Wednesday, September 03, 2008
Annette, Brent, Andrew, Sonja, Me and Terry at the Museo de Frida Kahlo.
So far, it's been nothing short of a whirlwind 48 hours here in Mexico City. We spent our day yesterday , and half our day today, at the judges training workshop. It's interesting to watch the judges develop their skill because it's a struggle to balance the judges desire to score accurately and sharply with the need to reward the barista competitors appropriately. The days are long and jammed with information, and somewhere you find balance.
Outside of the workshop, us "foreigh" judges have been making camp at the Crowne Plaza Hotel where we start off with morning buffet breakfast at the hotel, then buffet lunch at the workshop site and then dinner out on the town - all of which have been taken care of by our gracious hosts Arturo and Cleofas.
From my perspective, there's been a positive angle to the judges training. In the meeting room next door, they were holding a practice session for the upcoming Miss Mexico / Miss Universe pageant. That means our workshop hotel has been flooded with some of the most beautiful girls this nation has to offer. It's been a visual treat - even those most of the girls are a bit too emaciated for my tastes.
Victor of El Jarocho pulls some coffee for us to see.
At night, our small clan gathers and heads out for dinner. The first night, we walked down the street to a restaurant called La Strega - The Witch, serving quite good Italian food. Last night, we were taken to one of the most outrageous and amazing Chinese restaurants called Hunan where they prepared the peking duck not in the traditional rice cake but in Mexican corn tortillas. Quite delicious.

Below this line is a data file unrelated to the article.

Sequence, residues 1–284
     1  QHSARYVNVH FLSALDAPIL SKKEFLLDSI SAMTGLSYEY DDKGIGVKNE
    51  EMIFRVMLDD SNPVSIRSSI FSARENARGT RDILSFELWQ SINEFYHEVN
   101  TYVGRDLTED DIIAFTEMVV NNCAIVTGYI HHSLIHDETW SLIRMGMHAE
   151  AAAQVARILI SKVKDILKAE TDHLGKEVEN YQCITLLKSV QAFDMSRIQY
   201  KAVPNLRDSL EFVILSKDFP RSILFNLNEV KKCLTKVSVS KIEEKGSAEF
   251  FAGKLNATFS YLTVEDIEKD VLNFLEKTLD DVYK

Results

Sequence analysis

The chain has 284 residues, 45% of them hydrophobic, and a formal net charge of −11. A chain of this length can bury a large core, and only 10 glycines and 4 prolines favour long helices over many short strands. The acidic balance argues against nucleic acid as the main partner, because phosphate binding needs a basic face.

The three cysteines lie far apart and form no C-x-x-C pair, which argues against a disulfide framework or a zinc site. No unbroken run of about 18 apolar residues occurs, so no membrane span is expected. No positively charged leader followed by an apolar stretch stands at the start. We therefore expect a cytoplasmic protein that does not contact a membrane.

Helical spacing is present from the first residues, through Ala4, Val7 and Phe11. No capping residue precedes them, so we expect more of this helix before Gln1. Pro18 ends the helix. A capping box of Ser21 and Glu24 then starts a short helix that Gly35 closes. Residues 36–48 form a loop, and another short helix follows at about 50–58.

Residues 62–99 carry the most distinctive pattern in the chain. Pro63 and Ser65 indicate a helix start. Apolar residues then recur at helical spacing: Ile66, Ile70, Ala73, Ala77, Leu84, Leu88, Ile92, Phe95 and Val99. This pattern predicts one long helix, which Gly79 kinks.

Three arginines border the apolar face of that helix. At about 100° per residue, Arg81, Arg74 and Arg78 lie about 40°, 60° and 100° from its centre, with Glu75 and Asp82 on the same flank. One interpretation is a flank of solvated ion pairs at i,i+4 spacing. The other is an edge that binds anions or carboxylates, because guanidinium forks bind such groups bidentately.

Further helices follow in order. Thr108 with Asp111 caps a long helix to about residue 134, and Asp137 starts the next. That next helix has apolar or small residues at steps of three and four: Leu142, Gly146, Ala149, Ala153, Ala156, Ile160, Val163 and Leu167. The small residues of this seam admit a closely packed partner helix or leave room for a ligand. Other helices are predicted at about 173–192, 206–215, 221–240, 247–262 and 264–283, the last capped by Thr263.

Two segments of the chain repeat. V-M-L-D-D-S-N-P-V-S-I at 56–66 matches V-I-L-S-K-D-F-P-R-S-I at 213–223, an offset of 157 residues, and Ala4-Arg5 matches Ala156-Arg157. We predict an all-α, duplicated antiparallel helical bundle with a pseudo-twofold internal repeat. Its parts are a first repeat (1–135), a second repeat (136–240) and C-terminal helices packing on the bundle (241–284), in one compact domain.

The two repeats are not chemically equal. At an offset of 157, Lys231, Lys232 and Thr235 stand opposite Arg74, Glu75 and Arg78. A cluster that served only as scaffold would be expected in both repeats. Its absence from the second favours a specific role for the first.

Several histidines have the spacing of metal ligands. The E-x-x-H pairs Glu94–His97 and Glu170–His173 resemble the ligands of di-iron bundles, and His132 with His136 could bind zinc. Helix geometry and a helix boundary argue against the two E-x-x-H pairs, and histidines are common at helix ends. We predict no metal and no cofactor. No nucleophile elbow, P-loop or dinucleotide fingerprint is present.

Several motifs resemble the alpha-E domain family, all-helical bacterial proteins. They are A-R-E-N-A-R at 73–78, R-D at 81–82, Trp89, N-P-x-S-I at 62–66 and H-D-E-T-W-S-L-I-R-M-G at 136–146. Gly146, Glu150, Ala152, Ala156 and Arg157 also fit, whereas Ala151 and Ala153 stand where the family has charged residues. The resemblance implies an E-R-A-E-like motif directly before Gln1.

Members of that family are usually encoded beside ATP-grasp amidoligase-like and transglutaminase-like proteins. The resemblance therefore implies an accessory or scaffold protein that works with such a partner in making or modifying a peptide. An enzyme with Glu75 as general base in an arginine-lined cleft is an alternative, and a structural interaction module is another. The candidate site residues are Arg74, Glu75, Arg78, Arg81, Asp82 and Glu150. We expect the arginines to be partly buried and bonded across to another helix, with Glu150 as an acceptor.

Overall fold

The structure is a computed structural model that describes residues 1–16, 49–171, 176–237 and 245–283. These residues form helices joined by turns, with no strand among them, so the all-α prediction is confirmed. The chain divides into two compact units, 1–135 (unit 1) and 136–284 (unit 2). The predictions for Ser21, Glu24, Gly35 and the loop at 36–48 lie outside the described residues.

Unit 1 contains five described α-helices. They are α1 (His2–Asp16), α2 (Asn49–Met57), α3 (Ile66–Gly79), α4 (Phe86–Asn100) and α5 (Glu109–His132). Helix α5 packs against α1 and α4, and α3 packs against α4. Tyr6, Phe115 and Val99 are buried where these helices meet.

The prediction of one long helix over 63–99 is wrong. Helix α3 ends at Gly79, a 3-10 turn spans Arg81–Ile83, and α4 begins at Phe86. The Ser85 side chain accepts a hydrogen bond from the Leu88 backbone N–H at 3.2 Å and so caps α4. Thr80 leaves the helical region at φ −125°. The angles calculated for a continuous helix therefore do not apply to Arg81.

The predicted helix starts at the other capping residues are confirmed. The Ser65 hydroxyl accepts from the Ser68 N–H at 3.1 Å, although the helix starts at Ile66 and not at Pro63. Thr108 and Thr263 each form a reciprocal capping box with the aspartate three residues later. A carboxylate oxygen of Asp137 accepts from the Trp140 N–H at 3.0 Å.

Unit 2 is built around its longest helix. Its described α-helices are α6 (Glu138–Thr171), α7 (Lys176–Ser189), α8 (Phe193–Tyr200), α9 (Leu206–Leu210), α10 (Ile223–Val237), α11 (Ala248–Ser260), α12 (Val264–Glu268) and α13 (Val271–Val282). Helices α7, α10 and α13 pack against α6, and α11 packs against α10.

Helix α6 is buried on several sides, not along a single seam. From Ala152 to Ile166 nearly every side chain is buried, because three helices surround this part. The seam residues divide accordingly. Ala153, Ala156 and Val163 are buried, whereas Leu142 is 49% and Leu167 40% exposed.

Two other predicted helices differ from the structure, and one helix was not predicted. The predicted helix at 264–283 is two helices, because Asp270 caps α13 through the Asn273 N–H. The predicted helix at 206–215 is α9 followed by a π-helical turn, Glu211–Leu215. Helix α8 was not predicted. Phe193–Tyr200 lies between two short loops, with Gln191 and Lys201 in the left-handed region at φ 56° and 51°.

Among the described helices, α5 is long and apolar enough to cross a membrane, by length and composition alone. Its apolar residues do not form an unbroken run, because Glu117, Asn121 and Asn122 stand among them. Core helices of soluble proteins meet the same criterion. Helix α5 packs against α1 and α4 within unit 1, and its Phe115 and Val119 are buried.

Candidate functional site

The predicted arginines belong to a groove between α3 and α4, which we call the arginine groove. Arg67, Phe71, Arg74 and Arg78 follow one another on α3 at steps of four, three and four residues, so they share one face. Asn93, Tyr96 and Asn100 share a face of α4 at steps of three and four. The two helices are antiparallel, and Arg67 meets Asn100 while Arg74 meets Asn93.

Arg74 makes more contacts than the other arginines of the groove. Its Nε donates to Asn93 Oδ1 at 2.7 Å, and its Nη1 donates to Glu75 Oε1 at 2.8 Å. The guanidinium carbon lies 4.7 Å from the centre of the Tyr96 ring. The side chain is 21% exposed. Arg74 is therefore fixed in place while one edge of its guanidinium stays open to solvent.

Tonight, we were whisked off to Polanco (the Beverly Hills of Mexico City) to eat Alsatian/French food at L'Alsace. Again, the food here was quite good. One of the girls recommended their steak tartare over the ribeye and I went for it and was handsomely rewarded. I just wish the portions were slightly smaller.
The judges review Victor's coffee.
But after three nights of fantastic meals at some of the citys' best restaurants, we're beginning to wonder when we're going to try some traditional Mexican cuisine. All of this great food is nice, but we're in the home of Mexican Cuisine. I'm hoping we'll be eating some great Mexican soon.
Meanwhile, we spent this afternoon touring parts of the city. First, down to Coyoacan and the Museo de Frida Kahlo. It's an excellent stop and highly recommended - especially if you know anything about her and her famous husband Diego Rivera. From there, we walked around the zocalo where they've closed the plaza while repaving the streets around it with concrete faux cobblestone.
After walking around a bit, we headed over the famed El Jarocho where our incessant picture taking attracted the attention of the owner Victor who brought out an apron for some of us to wear in the photos and showed us samples of his green coffee. I guess he was happy to have a bunch of roasters from Santa Rosa, Iceland and London hanging out at his cafe.
Waiting for the boat at Xochimilco.
After some of the girls did some shopping, we made the long trek down to Xochimilco where we hired a boat for an hour and took a lazy cruise down the canals while being tempted by transient vendors hawking everything from grilled corn to silver jewelry to dolls to blankets, roses and more. Some would come alongside in their own boat while others would hop aboard ours. Since it was a slow tourist day, everyone was in a selling mood and it was a bit odd to take on passengers whose only mission was to sell you something.
And as luck would have it, it started to rain while we were on the water. First, light drizzles, then the downpour. And just as Annette was saying that she heard a forecast for thunderstorms, the rumble of a thunderstorm trembled in the distance. Happily, there was no lightning.
The girls ready for dinner. Men around the world are insanely jealous.